Types of Thermocouples

There are many different types of thermocouples, including:

K-type thermocouples- The k-type thermocouples are made of nickel-based alloys of chromium and aluminum. Their temperature range is -270℃ to 1372℃ and the Seebeck coefficient is 41µV/℃ at 25℃. The k-type thermocouples are used in microcontroller-based temperature sensing systems in industry sectors. They are cost-effective, accurate, and reliable over a  sufficient range of operating temperatures. 

J-type thermocouples- The temperature range of J-type thermocouples is -40℃ to 750℃ and the Seebeck coefficient is 52µV/℃ at 25℃. They are a combination of iron and copper-nickel (constantan) alloys and are susceptible to corrosion. The J-type thermocouple is the least costly but has a short shelf life in moist environments.

N-type thermocouples- The silicon alloys of nickel and chromium, namely nicrosil and nisil, are combined to form an N-type thermocouple. The temperature range of N-type thermocouple is -270℃ to 130℃ and the Seebeck coefficient is 27µV/℃ at 25℃. The N-type thermocouple is suitable for extreme thermal environments such as in nuclear and furnace applications.

T-type thermocouples- The temperature range of T-type thermocouples is from -200℃ to 350℃ and the Seebeck coefficient is 41µV/℃ at 25℃. This is a stable thermocouple consisting of copper-constantan alloys. These thermocouples are suitable for deep-freeze, extreme-low temperature applications such as in cryogenics and superconductor systems.

E-type thermocouples- The E-type thermocouple is composed of nickel-chromium and constantan alloys and has higher stability and accuracy compared to K-type thermocouples. The temperature range of E-type thermocouples is -270℃ to 870℃ and the Seebeck coefficient is 61µV/℃ at 25℃. These thermocouples are commonly used in an inert and oxidizing atmosphere.

S-type thermocouples- The high temperatures used in the biomedical and pharmaceutical industries are measured using S-type thermocouples containing platinum-rhodium alloys and platinum metal. The temperature range of S-type thermocouples is -50℃ to 1480℃ and the Seebeck coefficient is  6µV/℃ at 25℃.

R-type thermocouples- The R-type thermocouple is used for high-temperature measurement, even though the composition is similar to that of an S-type thermocouple. The percentage of rhodium is increased in R-type thermocouples, which provide better stability and accuracy compared to S-type thermocouples. The temperature range of S-type thermocouples is -50℃ to 1600℃ and the Seebeck coefficient of R-type thermocouple is  9µV/℃ at 25℃.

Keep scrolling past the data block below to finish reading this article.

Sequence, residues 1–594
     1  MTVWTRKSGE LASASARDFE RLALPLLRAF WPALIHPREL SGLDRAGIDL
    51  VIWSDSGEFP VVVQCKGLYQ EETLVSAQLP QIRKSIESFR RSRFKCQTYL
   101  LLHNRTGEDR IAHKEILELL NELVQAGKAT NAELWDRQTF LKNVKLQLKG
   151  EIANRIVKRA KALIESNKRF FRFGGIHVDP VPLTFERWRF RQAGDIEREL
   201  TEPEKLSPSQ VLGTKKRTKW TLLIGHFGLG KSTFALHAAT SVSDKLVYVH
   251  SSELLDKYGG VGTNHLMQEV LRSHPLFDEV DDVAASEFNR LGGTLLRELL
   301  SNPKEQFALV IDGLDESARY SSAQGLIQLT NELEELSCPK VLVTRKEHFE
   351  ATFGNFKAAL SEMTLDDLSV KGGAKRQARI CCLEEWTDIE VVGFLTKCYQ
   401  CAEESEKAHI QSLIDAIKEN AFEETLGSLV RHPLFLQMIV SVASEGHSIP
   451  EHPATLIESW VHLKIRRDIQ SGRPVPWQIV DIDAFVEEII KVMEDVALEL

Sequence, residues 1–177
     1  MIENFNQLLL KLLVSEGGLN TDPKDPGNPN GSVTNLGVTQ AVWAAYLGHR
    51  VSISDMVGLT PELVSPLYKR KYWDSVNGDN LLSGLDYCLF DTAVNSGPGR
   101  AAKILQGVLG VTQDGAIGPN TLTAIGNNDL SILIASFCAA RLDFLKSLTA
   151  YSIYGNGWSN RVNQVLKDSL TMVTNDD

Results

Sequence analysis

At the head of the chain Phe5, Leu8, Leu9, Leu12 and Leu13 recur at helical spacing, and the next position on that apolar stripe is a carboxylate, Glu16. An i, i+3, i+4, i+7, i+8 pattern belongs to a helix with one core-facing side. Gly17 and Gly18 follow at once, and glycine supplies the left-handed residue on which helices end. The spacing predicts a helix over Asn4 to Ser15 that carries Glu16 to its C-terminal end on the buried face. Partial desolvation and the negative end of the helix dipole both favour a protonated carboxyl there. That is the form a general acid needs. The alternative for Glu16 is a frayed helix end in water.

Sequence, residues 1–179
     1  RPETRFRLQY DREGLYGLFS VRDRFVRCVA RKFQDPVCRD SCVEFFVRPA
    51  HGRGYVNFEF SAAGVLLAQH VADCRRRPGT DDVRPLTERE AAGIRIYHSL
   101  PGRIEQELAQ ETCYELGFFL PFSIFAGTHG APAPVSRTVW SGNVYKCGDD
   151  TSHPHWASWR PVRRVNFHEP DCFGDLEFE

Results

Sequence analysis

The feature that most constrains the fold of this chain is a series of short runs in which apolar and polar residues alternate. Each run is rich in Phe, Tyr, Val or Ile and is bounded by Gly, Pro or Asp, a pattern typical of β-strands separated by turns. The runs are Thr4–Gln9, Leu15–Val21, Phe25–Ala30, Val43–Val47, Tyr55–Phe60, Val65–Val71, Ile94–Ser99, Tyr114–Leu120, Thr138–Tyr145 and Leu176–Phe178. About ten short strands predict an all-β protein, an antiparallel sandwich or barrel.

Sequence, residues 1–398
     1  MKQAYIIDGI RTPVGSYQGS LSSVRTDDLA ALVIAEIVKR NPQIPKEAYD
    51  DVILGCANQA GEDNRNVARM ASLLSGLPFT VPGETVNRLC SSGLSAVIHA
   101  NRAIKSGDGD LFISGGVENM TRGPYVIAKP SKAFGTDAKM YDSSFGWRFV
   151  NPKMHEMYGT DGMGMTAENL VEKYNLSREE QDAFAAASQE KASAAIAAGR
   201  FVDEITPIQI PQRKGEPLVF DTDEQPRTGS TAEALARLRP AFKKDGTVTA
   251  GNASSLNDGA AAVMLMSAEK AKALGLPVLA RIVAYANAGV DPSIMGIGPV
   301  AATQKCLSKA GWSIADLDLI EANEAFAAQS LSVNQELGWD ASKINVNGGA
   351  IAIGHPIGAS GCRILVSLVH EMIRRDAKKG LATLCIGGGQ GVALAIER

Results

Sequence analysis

Thermocouples vs. RTD

Thermocouples and RTDs are employed for temperature measurement in industrial applications. The table below presents a comparison between thermocouple and RTDs.

Attributes

Thermocouple

RTD

Temperature range

Wide

Limited

Cost

Cheap

Expensive

Ruggedness

Rugged

Delicate

Accuracy

Inherently inaccurate

Accurate

Stability

Less stable

Stable

Linearity

Non-linear

Linear

Durability

Durable

Less durable

Response time

Rapid response

Slow response

A comparison between thermocouples and RTDs

Thermocouples are excellent temperature sensors that satisfy industry standards. Since there are many variations of thermocouples, you can choose the appropriate type depending on the environment, ensuring an accurate measurement. Even though the thermocouple output voltage is in the millivolts range and has the need for signal conditioning, thermocouples are cost-effective, compact, speedy, and possess a wide temperature range. If you are planning to employ a temperature measurement unit in your system, consider thermocouples.